HLS is considered a rare vascular lesion with a diffuse lesion or a braid-like appearance that can be detected by angiography, and further intravascular examination, such as IVUS and coherence tomography (OCT), helped to confirm the multiple intraluminal channels or honeycomb structure, which can also be described as having a ‘swiss cheese-’, a ‘spider web-’, or a ‘Lotus root-like’ appearance . IVUS and OCT are helpful and essential for diagnosing HLS . HLS was mostly reported in the coronary artery, but there were also some case reports of HLS being located in the carotid artery and renal artery [3, 5, 6]. The aetiology of HLS is still not clear. Previous studies have reported that it can be caused by spontaneous recanalisation after thrombotic events, including in situ thrombosis and embolic thrombus. Thrombosis can be secondary to vasculitis caused by Kawasaki disease, antiphospholipid syndrome and vasospasm [1, 7,8,9,10]. With the application and development of intravascular examination, more and more HLS was found, and most of its causes were thought to be recanalisation of the in situ thrombus and embolic thrombus . Kazuoki et al. reported serial coronary angiography of a post-emergent coronary artery bypass grafting patient and found that occlusive thrombus in the left circumflex artery (LCX) was recanalised spontaneously after two years of follow-up. A lotus-root appearance was then confirmed by OCT, which provided the direct evidence that the multiple communicating channel structure represented spontaneous recanalised lesions after the thrombotic occlusions . A similar manifestation was also found in an effort angina patient and confirmed by high-resolution intravascular ultrasound (HR-IVUS) . Despite recanalization, most HLS lesions significantly affect blood flow, with an FFR value < 0.8 . Therefore, positive intervention therapy was suggested for HLS lesions. Previous studies reported different treatment strategies, including drug-eluting stent (DES) implantation, drug-coating balloon and bioresorbable vascular scaffold [5, 13, 14]. However, stent implantation, which compresses both the septa and cavities, may be associated with side branch compromise or occlusion .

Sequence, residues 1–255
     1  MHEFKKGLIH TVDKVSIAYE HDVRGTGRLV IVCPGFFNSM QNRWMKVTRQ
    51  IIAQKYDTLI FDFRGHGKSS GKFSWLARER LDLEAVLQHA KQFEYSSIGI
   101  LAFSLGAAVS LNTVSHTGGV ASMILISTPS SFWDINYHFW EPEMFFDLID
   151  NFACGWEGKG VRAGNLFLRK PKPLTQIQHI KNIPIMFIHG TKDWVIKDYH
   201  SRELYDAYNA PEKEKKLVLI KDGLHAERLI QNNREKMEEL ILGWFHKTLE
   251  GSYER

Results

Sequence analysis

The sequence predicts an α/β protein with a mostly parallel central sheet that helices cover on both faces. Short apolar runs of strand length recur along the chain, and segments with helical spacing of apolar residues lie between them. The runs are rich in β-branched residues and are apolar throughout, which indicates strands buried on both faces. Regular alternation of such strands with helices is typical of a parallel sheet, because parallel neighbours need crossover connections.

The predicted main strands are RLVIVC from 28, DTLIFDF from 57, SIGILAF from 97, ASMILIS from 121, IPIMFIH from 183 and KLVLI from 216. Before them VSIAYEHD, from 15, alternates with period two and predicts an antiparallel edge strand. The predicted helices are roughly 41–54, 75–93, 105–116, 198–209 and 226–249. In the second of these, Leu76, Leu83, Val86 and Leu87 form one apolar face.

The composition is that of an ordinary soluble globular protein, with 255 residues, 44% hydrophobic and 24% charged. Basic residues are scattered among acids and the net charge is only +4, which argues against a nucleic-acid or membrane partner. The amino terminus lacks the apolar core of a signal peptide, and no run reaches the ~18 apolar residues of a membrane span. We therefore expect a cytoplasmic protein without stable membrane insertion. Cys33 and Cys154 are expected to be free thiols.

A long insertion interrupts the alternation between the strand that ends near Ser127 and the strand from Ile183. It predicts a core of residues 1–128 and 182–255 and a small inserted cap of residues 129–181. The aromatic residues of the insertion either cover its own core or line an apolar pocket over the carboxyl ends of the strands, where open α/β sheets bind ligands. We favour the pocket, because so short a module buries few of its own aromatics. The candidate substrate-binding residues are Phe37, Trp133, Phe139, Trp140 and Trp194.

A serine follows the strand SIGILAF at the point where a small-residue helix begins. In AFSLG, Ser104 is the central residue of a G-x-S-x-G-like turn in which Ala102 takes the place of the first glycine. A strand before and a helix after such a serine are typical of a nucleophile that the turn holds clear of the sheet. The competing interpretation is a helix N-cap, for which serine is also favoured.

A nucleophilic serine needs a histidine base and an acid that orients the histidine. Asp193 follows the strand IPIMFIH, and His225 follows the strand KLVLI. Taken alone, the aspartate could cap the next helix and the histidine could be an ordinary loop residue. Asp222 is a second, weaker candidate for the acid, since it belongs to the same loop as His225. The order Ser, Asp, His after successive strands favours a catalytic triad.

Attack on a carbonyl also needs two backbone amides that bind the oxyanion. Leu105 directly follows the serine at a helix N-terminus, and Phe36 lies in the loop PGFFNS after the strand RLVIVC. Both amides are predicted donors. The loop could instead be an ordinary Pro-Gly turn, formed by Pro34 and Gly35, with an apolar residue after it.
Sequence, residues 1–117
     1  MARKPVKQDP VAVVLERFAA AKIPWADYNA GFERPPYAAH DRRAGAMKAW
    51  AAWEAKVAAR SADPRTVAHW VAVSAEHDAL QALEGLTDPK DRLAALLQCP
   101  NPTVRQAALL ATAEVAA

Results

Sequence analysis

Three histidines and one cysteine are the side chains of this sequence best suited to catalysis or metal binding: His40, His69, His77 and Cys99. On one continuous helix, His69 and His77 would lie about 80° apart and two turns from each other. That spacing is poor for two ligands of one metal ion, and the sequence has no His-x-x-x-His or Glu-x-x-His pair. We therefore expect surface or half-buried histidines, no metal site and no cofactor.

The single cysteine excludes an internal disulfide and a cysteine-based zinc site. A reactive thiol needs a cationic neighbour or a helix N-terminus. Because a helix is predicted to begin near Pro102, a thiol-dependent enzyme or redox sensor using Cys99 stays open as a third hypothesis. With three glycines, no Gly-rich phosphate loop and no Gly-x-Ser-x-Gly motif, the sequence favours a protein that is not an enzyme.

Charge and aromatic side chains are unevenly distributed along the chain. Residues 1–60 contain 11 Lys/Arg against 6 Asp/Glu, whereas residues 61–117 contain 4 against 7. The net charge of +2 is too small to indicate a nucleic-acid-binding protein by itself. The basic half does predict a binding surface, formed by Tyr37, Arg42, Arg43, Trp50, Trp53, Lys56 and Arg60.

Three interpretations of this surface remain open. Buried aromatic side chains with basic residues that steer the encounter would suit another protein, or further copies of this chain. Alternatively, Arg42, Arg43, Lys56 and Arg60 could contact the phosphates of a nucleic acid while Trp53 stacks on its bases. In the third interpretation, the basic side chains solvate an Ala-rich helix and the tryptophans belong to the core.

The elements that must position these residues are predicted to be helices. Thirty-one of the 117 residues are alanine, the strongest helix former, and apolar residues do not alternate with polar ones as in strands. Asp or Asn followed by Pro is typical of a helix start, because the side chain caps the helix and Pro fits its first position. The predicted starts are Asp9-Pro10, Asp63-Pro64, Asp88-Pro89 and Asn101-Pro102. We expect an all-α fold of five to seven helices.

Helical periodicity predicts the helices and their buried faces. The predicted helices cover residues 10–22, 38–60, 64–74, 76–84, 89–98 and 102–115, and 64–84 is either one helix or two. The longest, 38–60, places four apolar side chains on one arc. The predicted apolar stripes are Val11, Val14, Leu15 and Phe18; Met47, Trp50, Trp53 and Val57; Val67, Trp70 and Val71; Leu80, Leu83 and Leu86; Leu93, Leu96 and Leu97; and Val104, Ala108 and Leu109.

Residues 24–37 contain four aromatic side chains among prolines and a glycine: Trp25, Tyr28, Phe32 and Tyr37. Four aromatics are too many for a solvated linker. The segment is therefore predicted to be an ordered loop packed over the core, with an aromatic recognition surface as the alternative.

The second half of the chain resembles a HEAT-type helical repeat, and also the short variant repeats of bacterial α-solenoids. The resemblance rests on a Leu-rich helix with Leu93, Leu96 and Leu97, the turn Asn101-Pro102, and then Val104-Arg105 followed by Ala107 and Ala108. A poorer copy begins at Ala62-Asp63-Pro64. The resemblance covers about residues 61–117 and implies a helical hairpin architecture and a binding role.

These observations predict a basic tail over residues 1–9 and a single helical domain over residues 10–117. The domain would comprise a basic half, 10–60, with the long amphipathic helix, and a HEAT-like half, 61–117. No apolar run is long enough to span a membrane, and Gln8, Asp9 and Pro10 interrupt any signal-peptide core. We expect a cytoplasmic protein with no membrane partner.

To our knowledge, this is the first case of HLS on the basis of atherosclerosis in the renal artery. The renal artery multiple luminal surrounded by fibrous tissue was demonstrated by IVUS, and no intact vascular wall of branches was shown in intravascular imaging. The properties of the lesions could not be fully identified. Upon consideration of multiple atherosclerotic risk factors, including age, diabetes and hyper-lipidaemia, we surmised that the stenosis of the left proximal renal artery resulted from atherosclerosis. Based on serious stenosis of the proximal artery, the decreased velocity of distal blood flow led to thrombus formation, which was associated with renal infarction. The thrombus was recanalized and finally formed HLS in his renal artery as a result of mismanagement in the acute phase. In addition, three months of follow-up showed that the patient had no complaint after stent implantation, which also verified our previous speculations.
In conclusion, the mechanism and formation of HLS are still unclear. This malformation can be found not only in the coronary artery but also in the renal artery. Detailed patient histories, long-term follow-up, angiogram, and intravascular imaging data may offer a deeper understanding of HLS in future clinical practice.